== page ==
The images in the post are from the Church of Pisa, one of the most beautiful church interiors I have ever visited. Its not very large , but its very cozy, Ideal place for Jesus to stay in..Its construction began in 1064AD. Galileo is believed to have formulated his theory about the movement of a pendulum by watching the swinging of the incense lamp hanging from the ceiling of the nave.The coffer ceiling of the nave was replaced after the fire of 1595. The present gold-decorated ceiling carries the coat of arms of the Medici.
Images & Research : Marcus Sam
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Walking towards the light.Shots which symbolize paths that lead towards the light.
Images Copyright : Marcus Sam
for information contact : firstname.lastname@example.org
Five interiors you cannot leave out during the Christmas season..
1) Starting with The Notre Dame Cathedral Paris
2) The interior of the Pisa Cathedral,
3) Inside the Cologne Cathedral (one of the biggest in Europe)
4) Entrance to the Sistine Chapel
5) Inside the St Peter’s Cathedral Vatican.
Happy Holidays People..!!
Images : Marcus Sam
The Rhine Falls (Rheinfall in German) is the largest plain waterfall in Europe.The falls are located on the Upper Rhine between the municipalities of Neuhausen am Rheinfall and Laufen-Uhwiesen, near the town of Schaffhausen in northern Switzerland, between the cantons of Schaffhausen and Zürich. They are 150 m (450 ft) wide and 23 m (75 ft) high.
Basically its a summer destination when the falls are ‘not frozen’ and the skies are blue. There is also the Schloss Wörth castle , located near the falls.Boat trips can be taken up the Rhine to the falls and the Rheinfallfelsen. Overall its a wonderful 1 day trip to the location.With friends, family or even your pet…Also the drive is super beautiful so if u can take your own car or atleast hire one, your day will be +/-10% better… (Ideal internet browser view: 125%)
3) The Schloss Wörth castle in view.
4) View 2 of the Castle
5) The Falls, with regular boat rides off and on.
6) Down River, with lovely woods in the surrounding…Here u can play Little Red Riding hood with your girlfriend..hahaha
7) And you can have a barbecue when you are done with the playing…
8) Thats a strategically placed Indian fast food centre.(And by Indian I mean Asian-Indian, not Red Indian, as our American friends might confuse).Keeping in mind that Indians (browns/desis etc) are almost 50% of the summer tourist force in Switzerland~ thanks to the Yash Raj movies deploying us by hordes and litters .Rest 50%, comprise of China(ese) Asians (40%) and Americans/Australian/South-Africans/Rest-of-the-world ( 10%). We are the ones givin em business yea : read related article Here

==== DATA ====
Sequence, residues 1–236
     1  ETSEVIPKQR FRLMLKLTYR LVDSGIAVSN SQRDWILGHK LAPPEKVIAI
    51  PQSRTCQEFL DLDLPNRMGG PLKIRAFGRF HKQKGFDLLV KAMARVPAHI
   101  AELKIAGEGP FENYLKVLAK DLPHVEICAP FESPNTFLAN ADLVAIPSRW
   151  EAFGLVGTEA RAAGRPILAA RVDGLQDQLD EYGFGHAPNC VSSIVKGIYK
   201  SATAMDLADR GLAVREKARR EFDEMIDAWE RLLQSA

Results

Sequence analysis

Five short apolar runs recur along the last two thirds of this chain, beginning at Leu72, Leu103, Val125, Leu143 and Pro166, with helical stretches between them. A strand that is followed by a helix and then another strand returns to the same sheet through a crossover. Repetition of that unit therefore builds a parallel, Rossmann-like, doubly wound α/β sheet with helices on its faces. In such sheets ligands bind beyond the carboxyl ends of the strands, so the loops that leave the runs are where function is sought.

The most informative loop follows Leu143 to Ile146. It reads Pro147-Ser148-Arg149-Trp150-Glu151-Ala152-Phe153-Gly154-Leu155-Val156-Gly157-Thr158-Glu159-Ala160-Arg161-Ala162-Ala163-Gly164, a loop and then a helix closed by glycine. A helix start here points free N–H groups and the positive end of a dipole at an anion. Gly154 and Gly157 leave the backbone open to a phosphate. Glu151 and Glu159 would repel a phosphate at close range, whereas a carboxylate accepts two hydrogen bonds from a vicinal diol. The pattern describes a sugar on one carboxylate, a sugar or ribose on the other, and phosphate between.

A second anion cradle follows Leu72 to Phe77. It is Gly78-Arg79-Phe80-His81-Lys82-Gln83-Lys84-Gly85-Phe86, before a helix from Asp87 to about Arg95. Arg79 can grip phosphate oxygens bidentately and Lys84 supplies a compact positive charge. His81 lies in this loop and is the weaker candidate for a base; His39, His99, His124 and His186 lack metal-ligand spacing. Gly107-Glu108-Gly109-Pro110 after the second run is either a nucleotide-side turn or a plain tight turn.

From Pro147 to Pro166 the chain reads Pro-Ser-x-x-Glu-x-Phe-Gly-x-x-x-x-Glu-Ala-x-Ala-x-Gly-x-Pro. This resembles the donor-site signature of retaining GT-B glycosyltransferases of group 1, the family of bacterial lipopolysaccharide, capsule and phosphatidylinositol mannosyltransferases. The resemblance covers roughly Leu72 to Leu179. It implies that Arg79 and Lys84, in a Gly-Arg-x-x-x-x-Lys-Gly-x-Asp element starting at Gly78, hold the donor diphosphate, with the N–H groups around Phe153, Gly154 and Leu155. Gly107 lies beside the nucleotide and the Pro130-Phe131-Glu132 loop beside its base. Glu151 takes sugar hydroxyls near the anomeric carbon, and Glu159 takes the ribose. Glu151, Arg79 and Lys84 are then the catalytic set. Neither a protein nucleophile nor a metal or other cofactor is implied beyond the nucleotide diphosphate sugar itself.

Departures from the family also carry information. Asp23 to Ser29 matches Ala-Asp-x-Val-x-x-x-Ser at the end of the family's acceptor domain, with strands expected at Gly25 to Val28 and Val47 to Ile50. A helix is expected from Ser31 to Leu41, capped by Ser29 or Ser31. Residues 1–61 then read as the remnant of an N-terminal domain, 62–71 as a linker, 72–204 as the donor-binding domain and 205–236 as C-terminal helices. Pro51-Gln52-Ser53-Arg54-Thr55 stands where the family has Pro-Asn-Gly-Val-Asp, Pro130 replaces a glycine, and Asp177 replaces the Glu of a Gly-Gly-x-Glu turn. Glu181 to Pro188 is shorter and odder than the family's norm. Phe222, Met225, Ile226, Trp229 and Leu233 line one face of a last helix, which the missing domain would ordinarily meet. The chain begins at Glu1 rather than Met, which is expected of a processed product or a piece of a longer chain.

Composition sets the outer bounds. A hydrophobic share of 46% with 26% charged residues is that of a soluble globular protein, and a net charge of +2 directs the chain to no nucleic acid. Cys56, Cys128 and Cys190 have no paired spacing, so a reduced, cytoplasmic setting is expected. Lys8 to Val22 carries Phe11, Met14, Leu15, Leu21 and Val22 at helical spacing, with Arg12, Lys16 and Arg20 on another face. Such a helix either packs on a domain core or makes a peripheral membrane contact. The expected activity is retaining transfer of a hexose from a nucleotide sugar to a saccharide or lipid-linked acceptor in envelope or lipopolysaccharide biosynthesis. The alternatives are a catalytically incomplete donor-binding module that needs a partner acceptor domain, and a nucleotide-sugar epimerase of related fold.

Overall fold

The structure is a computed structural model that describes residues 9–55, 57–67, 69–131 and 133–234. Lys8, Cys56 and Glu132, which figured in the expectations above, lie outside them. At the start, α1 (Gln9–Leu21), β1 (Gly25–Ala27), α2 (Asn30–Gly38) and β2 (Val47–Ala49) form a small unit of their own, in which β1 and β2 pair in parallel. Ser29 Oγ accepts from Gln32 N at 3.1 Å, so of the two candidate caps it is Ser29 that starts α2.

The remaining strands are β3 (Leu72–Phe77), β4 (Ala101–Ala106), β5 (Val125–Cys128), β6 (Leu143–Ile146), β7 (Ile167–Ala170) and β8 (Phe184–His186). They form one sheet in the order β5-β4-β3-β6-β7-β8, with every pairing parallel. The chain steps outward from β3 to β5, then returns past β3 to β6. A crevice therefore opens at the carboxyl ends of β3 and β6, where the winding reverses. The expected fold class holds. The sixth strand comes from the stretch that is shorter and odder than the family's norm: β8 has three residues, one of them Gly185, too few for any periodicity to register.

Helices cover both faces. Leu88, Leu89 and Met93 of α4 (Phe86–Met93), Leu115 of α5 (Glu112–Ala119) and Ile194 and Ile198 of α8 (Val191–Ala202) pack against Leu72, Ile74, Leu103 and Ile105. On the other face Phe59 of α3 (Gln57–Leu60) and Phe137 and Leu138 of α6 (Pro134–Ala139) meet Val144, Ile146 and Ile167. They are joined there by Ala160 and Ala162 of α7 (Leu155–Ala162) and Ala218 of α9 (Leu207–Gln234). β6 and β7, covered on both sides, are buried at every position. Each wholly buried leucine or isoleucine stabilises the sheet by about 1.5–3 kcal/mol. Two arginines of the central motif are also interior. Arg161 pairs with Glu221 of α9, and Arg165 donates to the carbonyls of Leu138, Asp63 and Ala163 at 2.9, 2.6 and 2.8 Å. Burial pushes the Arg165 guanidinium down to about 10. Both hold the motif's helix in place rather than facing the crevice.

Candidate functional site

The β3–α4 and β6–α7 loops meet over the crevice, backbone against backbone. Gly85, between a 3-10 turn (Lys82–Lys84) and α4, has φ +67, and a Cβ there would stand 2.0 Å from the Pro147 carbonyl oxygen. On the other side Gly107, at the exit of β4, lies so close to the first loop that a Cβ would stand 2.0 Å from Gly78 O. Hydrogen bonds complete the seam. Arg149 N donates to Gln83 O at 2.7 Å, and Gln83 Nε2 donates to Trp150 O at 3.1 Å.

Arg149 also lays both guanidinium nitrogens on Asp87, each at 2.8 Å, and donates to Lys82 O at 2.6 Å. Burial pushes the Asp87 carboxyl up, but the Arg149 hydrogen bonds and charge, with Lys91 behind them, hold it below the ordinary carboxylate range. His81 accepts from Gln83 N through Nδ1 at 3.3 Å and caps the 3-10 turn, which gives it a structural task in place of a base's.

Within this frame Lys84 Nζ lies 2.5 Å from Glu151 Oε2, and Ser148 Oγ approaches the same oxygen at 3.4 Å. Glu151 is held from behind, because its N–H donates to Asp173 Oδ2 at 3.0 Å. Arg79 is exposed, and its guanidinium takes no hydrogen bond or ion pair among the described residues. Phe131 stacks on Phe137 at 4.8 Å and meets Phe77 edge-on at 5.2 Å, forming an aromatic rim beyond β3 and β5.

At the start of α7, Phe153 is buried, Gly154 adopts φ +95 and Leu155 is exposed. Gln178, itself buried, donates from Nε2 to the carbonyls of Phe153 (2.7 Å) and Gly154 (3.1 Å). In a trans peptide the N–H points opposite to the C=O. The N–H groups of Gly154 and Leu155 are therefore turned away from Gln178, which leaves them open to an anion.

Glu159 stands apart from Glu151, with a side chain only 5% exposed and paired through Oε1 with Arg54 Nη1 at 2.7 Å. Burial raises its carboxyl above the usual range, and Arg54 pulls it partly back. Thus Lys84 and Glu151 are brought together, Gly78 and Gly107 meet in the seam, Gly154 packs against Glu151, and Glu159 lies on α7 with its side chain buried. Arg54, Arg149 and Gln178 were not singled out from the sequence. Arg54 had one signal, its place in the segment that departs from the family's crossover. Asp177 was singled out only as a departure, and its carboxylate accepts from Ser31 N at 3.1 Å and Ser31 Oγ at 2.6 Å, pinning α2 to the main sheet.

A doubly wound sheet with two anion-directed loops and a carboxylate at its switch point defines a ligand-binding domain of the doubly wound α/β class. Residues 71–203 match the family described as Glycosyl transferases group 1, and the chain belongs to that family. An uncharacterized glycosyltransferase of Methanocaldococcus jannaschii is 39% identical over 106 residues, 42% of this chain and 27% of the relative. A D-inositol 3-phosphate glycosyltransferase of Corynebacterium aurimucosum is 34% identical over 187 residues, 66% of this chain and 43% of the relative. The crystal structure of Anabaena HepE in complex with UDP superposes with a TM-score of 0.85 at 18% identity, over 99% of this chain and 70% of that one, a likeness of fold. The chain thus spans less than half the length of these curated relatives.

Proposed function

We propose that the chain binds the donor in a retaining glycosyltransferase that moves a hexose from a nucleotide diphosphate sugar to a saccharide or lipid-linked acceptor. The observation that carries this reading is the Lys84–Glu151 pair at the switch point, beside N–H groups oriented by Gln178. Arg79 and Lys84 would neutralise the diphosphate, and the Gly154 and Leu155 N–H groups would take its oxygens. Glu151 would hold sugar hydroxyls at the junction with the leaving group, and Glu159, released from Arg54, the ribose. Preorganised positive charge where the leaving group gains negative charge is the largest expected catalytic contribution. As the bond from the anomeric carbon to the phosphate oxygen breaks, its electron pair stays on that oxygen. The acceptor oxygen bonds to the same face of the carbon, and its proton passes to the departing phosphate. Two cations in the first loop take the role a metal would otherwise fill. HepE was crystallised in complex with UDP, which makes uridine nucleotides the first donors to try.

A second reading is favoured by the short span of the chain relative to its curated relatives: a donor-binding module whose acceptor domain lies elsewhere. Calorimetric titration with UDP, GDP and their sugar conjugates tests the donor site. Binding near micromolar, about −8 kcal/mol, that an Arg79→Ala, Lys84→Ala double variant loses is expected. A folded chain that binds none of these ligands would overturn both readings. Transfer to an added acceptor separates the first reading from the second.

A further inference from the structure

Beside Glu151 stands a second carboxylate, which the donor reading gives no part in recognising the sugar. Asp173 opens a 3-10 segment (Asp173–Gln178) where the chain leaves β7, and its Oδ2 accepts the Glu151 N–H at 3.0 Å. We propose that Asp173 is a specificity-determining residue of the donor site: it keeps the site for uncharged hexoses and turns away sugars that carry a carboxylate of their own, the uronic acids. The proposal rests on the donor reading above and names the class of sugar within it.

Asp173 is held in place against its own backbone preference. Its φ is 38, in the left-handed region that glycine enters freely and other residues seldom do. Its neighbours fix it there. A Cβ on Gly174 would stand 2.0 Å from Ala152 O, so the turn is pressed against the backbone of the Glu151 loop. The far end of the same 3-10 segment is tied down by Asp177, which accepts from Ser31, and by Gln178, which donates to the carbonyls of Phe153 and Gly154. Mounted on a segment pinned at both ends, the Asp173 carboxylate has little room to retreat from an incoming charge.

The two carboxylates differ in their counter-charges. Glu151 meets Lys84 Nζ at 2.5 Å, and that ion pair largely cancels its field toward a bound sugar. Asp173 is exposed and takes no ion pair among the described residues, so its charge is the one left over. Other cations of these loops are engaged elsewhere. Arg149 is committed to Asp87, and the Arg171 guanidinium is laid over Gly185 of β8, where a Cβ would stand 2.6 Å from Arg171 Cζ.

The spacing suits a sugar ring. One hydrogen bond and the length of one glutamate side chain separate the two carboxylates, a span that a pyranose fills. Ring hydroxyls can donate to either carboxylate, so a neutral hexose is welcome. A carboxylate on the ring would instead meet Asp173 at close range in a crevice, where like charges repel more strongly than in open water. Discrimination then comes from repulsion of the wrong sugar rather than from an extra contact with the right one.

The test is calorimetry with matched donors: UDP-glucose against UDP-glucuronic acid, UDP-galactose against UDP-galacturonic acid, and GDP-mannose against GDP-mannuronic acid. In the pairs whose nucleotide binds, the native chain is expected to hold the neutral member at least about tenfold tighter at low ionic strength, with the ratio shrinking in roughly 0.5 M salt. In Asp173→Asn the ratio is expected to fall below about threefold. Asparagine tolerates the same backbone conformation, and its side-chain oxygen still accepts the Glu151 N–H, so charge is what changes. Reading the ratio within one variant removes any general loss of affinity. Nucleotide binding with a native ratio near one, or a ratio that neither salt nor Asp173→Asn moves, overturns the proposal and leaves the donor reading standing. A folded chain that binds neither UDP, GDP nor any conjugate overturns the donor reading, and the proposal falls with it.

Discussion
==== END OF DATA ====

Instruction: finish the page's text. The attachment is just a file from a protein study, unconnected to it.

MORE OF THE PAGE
9) Finally a panorama view of the falls/area…
It is basically a War Memorial that commemorates the Swiss Guards who were massacred in 1792 during the French Revolution, when revolutionaries stormed the Tuileries Palace in Paris, France.
The Lion lies in his lair in the perpendicular face of a low cliff — for he is carved from the living rock of the cliff. His size is colossal, his attitude is noble. His head is bowed, the broken spear is sticking in his shoulder, his protecting paw rests upon the lilies of France. Vines hang down the cliff and wave in the wind, and a clear stream trickles from above and empties into a pond at the base, and in the smooth surface of the pond the lion is mirrored, among the water-lilies.
Around about are green trees and grass. The place is a sheltered, reposeful woodland nook, remote from noise and stir and confusion — and all this is fitting, for lions do die in such places, and not on granite pedestals in public squares fenced with fancy iron railings. The Lion of Lucerne would be impressive anywhere, but nowhere so impressive as where he is.
— Mark Twain, A Tramp Abroad, 1880
Helvetiorum Fidei ac Virtuti inscribed on the top of the sculptured cave means : To the loyalty and bravery of the Swiss.
The lion is portrayed impaled by a spear, covering a shield bearing the fleur-de-lis (a Lily or an Iris which is a decorative or symbolical feature of the French monarchy; beside him is another shield bearing the coat of arms of Switzerland..
Don’t forget check my article the ‘New Asian Age’, named as The Money Spinners : Click Here or Click on the image above..
Also you might like to check another post from the same City : Lucerne
Images & Concept : Marcus Sam
Postcard from Belgium as well as Season’s Greetings from Marcus Sam